Thus, I find that under the plain language of the Policy, to constitute an "Other Income Benefit," a Social Security payment need only satisfy subparagraph "a" or subparagraph "b;" it need not satisfy both. Based on that reading, all facts relating to whether Ms. Bradley enjoyed the benefit of the Social Security payment and whether her son was a minor at the time are irrelevant. Ms. Bradley's son is certainly her "child," and it is not disputed that he received benefits under 42 U.S.C. § 402(d)(1) because of Ms. Bradley's disability. The payment to Ms. Bradely's son therefore satisfies the requirements of subparagraph "b" and Liberty is entitled to offset the dependent benefit payment against the benefits owed to Ms. Bradley under the Policy.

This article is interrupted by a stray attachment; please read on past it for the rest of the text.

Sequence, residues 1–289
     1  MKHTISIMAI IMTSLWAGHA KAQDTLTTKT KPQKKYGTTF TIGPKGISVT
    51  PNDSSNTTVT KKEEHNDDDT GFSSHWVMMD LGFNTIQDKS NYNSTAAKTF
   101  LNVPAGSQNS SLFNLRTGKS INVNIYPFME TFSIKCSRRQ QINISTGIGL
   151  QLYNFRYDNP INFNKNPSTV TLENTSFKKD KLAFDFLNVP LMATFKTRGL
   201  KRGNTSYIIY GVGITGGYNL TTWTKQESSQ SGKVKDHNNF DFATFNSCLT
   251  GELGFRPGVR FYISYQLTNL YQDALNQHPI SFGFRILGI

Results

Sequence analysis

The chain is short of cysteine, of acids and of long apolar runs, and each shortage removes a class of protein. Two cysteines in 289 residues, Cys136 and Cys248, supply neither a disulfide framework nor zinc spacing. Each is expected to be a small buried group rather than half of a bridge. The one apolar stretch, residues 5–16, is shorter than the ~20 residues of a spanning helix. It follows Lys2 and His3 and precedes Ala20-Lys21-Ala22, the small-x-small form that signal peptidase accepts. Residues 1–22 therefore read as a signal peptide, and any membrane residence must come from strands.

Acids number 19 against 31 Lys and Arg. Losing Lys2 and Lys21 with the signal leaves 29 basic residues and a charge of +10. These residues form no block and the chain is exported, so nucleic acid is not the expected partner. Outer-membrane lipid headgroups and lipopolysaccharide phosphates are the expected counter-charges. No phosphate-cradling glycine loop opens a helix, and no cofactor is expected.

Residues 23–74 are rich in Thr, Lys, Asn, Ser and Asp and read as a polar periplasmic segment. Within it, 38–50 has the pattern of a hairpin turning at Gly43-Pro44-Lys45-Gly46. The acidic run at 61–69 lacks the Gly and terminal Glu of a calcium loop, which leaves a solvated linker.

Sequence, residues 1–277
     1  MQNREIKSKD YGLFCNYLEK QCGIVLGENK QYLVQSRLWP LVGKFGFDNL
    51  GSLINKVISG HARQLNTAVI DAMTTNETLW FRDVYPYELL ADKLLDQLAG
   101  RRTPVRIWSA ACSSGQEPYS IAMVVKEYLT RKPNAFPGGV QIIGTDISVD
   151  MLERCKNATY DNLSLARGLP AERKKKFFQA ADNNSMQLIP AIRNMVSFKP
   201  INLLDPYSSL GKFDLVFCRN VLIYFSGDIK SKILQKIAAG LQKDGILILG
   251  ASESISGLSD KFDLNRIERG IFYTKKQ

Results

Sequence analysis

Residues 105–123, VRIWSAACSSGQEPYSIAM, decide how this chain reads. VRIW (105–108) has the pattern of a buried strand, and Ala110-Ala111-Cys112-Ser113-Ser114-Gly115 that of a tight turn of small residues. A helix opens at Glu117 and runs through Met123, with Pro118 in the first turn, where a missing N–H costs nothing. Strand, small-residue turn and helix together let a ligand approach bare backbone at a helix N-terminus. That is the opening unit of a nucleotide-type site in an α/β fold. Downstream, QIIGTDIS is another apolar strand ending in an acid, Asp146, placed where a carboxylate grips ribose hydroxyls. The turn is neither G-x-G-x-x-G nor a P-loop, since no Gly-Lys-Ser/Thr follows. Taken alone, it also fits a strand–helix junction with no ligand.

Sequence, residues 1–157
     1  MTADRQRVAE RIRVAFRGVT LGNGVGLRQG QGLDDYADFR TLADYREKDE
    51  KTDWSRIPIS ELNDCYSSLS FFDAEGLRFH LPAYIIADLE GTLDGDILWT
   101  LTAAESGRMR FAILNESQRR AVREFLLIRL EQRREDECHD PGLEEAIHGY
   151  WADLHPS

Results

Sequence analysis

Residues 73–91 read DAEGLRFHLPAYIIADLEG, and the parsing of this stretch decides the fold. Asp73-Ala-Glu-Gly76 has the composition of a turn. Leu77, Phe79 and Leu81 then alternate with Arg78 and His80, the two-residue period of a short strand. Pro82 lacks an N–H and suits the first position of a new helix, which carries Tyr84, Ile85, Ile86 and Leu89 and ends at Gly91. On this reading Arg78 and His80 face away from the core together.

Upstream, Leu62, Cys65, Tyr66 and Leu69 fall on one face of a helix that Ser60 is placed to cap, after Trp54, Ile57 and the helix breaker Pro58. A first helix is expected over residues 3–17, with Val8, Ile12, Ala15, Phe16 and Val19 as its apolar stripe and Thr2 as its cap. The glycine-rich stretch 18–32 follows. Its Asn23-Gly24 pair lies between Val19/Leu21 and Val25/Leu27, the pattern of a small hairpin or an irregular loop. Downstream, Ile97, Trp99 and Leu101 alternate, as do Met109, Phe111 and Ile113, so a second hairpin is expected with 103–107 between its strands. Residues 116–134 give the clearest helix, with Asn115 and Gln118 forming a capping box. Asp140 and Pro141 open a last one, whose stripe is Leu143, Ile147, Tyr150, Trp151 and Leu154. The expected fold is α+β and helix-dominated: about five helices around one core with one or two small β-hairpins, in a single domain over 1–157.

Because I find that the language of the Liberty policy is unambiguous, I need not take the "additional step" of determining whether Liberty's interpretation of the policy was arbitrary and capricious. Bill Gray Enters., 248 F.3d at 218. Liberty was entitled to rely upon the plain language of the policy.

IV. Conclusion

Given my finding that Liberty was entitled to offset the payment to Ms. Bradley's son,*fn4 Ms. Bradley's motion for summary judgment is denied, while Liberty's motion for summary judgment is granted.

An appropriate Order follows.